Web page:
Why is state-of-the-art Tewantin TAFE going to waste
WHILE the Coast groans under the weight of homelessness, high rents and youth unemployment, as we sit back and watch a television full of the poorest people in the world risking their lives on the rickety boats, it appears we couldn't care less about leaving a state-of-the-art building empty - and paying for its maintenance.
Next month is 12 months since the previous LNP government closed Tewantin TAFE.
Today, the multi-million dollar building, located in a forest of towering white scribbly Gums on Noosa Cooroy Rd, lies abandoned with an unclear future.
The TAFE, built in 2006 with an arts-based focus, is a showcase of green values from the sort of materials used to the recycling of water from the roof to the tanks and climate control features.
At the time, environmental care extended to a Noosa conservation group raking away the top soil and replacing it once construction was completed to ensure the seeds of original native plants would not be lost.
At its inception, 714 students walked up the long tree-flanked drive into the architect-designed setting of three modern, pavilion-style structures for classes that included courses in visual arts, ceramics and music. By 2013, numbers dropped to 265.
Some people including Noosa MLA Glen Elmes blames a decline in numbers on the arts-based curriculum. He believes courses need to be more employment orientated with a community focus. But at the moment, the syllabus style is not up for debate.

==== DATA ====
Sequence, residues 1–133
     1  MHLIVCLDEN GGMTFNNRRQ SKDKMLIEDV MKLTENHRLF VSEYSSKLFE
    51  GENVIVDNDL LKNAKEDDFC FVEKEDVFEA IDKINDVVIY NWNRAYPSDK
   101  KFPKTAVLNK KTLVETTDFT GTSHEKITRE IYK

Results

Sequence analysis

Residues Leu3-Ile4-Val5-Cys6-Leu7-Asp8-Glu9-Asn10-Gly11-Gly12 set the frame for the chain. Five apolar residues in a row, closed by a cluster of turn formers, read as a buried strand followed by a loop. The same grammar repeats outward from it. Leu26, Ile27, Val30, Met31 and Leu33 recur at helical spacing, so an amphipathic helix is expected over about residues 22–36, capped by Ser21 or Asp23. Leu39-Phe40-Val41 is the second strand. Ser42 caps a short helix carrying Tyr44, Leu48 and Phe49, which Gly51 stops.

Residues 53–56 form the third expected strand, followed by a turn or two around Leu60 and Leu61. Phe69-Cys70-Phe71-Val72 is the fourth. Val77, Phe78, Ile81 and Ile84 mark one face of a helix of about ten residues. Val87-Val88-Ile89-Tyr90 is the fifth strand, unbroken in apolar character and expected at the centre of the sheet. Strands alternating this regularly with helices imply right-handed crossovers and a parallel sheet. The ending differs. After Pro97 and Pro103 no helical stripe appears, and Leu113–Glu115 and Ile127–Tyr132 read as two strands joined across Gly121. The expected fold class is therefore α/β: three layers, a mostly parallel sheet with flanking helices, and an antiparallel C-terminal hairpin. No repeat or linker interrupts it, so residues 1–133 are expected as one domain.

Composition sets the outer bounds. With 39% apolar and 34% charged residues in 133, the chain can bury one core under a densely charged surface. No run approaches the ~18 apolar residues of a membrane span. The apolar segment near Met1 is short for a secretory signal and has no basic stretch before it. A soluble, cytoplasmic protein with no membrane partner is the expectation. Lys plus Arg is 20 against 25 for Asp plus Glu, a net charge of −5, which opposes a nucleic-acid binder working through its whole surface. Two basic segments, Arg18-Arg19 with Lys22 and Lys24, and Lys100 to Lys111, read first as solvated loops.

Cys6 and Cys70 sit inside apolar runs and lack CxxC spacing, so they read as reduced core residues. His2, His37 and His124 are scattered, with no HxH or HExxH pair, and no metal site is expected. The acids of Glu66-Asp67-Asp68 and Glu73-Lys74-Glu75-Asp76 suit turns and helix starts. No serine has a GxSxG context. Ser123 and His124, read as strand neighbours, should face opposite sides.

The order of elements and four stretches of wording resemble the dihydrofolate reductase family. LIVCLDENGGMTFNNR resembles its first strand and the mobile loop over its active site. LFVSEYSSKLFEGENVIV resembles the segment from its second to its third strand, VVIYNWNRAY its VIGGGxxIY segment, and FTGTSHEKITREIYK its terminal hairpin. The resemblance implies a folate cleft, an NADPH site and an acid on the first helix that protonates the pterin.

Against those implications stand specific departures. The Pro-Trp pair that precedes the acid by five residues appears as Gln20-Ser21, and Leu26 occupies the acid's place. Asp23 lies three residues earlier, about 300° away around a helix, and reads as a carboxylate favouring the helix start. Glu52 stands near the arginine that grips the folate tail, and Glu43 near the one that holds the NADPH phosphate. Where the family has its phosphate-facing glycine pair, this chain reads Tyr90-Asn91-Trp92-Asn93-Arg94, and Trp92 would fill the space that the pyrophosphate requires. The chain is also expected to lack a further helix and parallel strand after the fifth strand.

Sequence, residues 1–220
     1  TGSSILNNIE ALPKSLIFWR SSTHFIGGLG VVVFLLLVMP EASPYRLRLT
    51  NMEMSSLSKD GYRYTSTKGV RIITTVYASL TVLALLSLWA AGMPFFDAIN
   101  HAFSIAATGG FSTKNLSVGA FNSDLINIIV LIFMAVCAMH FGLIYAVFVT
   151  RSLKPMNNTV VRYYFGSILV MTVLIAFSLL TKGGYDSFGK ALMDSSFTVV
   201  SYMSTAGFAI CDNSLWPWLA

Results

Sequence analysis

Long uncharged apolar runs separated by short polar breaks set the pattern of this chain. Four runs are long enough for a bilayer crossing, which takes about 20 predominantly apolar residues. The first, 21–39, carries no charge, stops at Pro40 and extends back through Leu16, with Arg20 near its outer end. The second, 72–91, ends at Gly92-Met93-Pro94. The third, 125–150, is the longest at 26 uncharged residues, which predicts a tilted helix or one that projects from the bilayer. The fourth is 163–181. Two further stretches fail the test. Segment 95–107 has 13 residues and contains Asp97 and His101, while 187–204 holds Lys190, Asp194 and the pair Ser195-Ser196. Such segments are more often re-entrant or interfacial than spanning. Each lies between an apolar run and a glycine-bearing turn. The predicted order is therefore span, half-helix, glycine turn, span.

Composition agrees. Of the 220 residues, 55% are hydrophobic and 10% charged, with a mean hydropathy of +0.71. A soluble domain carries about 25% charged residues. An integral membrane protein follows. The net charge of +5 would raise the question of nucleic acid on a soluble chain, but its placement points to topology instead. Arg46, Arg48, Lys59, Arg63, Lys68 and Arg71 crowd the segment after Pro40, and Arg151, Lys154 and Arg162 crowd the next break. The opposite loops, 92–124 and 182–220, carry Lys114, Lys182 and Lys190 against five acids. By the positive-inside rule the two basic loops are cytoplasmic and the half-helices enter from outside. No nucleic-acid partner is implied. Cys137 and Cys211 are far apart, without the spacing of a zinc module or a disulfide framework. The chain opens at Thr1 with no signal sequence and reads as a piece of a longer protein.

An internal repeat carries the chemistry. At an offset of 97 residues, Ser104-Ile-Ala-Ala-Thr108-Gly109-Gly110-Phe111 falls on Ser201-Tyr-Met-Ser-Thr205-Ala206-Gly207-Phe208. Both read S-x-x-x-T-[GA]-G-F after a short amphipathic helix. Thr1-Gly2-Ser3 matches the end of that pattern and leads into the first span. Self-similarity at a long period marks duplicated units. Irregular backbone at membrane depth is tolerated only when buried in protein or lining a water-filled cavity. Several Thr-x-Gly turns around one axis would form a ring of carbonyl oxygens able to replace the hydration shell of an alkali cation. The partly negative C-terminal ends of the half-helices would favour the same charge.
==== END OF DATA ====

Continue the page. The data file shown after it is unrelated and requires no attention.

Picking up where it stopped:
In their election campaign, the Labor government promised a turnaround in the skill training section. Last month they introduced a bill to parliament that would return the ownership of all state training facilities back to the government.
Minister for Training and Skills Yvette D'Ath believes the bill will be the first step in bringing back the TAFE to the community.
However, Noosa MLA Glen Elmes said he was looking forward to seeing how TAFEs such as Tewantin, which have been closed, will fare.
He said he was well on the way to selling the Noosa TAFE to Noosa Council for $1.8 million, but the process stalled due to the election.
He said the footprint of the TAFE building could not be changed because of environmental concerns - which meant it could not realistically be sold to anyone other than council.
But he said now he would like to see the TAFE open with meaningful courses.
"I would like a job creation centre," he said.
"We need to identify the jobs we want in Noosa community."
Meanwhile, one thing is clear, there are no jobs, no use and no purpose for the big modern building.
What a waste.